Subject(s)
COVID-19 Vaccines/administration & dosage , COVID-19/genetics , COVID-19/metabolism , SARS-CoV-2/physiology , Virus Replication , Virus Shedding/physiology , Adult , COVID-19/prevention & control , Female , Humans , Male , Middle Aged , Time Factors
7.
J Infect Dis ; 225(5): 754-758, 2022 03 02.
Article in English | MEDLINE | ID: covidwho-1621621

ABSTRACT

There is limited information on the specific impact of maternal infection with the SARS-CoV-2 B.1.617.2 (delta) variant on pregnancy outcomes. We present 2 cases of intrauterine fetal demise and 1 case of severe fetal distress in the setting of maternal infection with delta-variant SARS-CoV-2. In all cases, fetal demise or distress occurred within 14 days of COVID-19 diagnosis. Evaluation revealed maternal viremia, high nasopharyngeal viral load, evidence of placental infection with delta-variant SARS-CoV-2, and hallmark features of SARS-CoV-2 placentitis. We suggest that delta-variant SARS-CoV-2 infection during pregnancy warrants vigilance for placental dysfunction and fetal compromise regardless of disease severity.


Subject(s)
COVID-19/diagnosis , Fetal Death , Fetal Distress , Placenta/virology , Pregnancy Complications, Infectious/virology , SARS-CoV-2 , Adult , COVID-19/complications , COVID-19/mortality , COVID-19 Testing , Chorioamnionitis , Female , Humans , Infectious Disease Transmission, Vertical , Pregnancy , Pregnancy Complications, Infectious/diagnosis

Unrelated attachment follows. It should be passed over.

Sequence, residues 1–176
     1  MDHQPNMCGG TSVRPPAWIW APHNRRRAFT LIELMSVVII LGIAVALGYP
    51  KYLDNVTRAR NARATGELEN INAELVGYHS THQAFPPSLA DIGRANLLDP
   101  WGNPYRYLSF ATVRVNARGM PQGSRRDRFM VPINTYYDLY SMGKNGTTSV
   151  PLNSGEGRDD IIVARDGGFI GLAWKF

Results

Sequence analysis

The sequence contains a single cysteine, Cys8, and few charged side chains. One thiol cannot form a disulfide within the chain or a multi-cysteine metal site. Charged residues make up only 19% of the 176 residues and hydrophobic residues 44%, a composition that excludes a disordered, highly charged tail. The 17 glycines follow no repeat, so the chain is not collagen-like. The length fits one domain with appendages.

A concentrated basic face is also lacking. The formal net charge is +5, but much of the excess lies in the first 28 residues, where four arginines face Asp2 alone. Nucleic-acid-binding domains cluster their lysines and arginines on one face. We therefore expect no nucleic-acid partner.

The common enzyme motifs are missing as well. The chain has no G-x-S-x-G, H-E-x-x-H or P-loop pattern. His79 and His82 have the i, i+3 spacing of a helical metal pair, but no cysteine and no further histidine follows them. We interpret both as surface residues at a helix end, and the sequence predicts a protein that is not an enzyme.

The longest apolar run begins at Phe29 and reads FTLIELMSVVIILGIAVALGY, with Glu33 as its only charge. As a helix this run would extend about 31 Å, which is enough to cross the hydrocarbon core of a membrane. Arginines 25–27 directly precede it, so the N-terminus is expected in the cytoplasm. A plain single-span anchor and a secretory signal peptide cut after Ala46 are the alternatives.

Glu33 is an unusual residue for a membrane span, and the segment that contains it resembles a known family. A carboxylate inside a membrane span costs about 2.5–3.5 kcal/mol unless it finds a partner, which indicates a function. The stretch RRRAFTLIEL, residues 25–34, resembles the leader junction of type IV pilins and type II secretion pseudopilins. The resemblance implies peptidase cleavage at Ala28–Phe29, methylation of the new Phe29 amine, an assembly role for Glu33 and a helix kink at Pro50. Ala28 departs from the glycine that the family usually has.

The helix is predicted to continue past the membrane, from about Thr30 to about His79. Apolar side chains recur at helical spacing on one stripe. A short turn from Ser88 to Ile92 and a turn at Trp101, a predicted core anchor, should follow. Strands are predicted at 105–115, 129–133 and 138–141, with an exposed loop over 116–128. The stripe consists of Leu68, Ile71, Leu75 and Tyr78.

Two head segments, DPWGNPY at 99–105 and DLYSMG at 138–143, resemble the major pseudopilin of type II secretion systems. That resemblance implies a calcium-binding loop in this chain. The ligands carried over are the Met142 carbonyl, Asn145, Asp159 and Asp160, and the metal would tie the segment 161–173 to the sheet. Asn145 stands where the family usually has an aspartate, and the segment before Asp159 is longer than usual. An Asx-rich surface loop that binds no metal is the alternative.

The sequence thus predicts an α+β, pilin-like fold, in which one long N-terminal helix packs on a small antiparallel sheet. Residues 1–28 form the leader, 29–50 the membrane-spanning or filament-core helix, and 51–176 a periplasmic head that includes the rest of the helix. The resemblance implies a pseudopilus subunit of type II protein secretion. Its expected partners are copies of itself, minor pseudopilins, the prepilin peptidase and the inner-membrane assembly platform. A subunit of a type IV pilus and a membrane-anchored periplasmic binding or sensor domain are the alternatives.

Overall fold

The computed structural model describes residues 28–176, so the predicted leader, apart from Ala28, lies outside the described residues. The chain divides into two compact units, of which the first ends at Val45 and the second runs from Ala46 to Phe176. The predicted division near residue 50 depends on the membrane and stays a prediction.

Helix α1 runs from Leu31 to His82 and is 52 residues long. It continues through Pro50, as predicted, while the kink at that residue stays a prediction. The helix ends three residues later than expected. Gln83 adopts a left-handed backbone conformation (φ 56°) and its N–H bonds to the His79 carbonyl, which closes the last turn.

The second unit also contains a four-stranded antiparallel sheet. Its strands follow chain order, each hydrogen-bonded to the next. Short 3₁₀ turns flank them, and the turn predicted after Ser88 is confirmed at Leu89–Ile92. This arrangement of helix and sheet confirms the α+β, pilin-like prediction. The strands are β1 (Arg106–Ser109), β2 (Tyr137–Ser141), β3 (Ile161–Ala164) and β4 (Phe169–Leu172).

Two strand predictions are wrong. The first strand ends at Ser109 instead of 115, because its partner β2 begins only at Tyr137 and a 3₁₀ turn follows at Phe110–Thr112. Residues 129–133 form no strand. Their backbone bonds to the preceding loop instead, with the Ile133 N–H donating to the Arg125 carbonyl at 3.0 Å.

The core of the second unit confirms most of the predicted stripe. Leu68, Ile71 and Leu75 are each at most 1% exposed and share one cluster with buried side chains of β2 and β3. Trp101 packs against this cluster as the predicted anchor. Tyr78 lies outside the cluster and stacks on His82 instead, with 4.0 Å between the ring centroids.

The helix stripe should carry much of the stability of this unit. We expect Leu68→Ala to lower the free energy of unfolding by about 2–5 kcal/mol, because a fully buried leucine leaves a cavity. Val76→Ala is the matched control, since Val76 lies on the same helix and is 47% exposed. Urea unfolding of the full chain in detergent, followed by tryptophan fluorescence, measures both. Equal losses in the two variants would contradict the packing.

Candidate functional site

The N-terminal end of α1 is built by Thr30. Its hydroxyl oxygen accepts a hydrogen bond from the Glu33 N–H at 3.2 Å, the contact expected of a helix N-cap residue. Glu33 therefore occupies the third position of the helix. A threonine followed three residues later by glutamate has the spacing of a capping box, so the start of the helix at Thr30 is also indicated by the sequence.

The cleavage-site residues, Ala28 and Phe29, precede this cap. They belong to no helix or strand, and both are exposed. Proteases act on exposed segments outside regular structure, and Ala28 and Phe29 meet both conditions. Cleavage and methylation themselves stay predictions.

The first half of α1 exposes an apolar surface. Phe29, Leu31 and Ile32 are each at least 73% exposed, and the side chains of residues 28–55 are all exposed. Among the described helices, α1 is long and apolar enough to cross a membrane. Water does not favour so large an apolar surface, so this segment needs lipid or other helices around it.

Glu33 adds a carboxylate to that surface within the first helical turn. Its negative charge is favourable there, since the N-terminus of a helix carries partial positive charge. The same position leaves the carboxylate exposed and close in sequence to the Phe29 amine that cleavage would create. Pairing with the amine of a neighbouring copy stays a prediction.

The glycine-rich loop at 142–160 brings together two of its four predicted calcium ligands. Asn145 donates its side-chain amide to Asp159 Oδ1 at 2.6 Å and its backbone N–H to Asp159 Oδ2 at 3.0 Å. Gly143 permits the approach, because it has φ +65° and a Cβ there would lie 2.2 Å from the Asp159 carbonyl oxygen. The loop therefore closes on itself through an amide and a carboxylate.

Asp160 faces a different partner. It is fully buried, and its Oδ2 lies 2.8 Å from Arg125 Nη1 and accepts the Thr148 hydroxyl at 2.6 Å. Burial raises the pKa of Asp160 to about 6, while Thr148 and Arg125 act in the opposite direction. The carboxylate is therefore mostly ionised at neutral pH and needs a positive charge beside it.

8.
JCI Insight ; 7(2)2022 01 25.
Article in English | MEDLINE | ID: covidwho-1556107

ABSTRACT

Isolation guidelines for severe acute respiratory syndrome coronavirus 2 (SARS-CoV-2) are largely derived from data collected prior to the emergence of the delta variant. We followed a cohort of ambulatory patients with postvaccination breakthrough SARS-CoV-2 infections with longitudinal collection of nasal swabs for SARS-CoV-2 viral load quantification, whole-genome sequencing, and viral culture. All delta variant infections in our cohort were symptomatic, compared with 64% of non-delta variant infections. Symptomatic delta variant breakthrough infections were characterized by higher initial viral load, longer duration of virologic shedding by PCR, greater likelihood of replication-competent virus at early stages of infection, and longer duration of culturable virus compared with non-delta variants. The duration of time since vaccination was also correlated with both duration of PCR positivity and duration of detection of replication-competent virus. Nonetheless, no individuals with symptomatic delta variant infections had replication-competent virus by day 10 after symptom onset or 24 hours after resolution of symptoms. These data support US CDC isolation guidelines as of November 2021, which recommend isolation for 10 days or until symptom resolution and reinforce the importance of prompt testing and isolation among symptomatic individuals with delta breakthrough infections. Additional data are needed to evaluate these relationships among asymptomatic and more severe delta variant breakthrough infections.


Subject(s)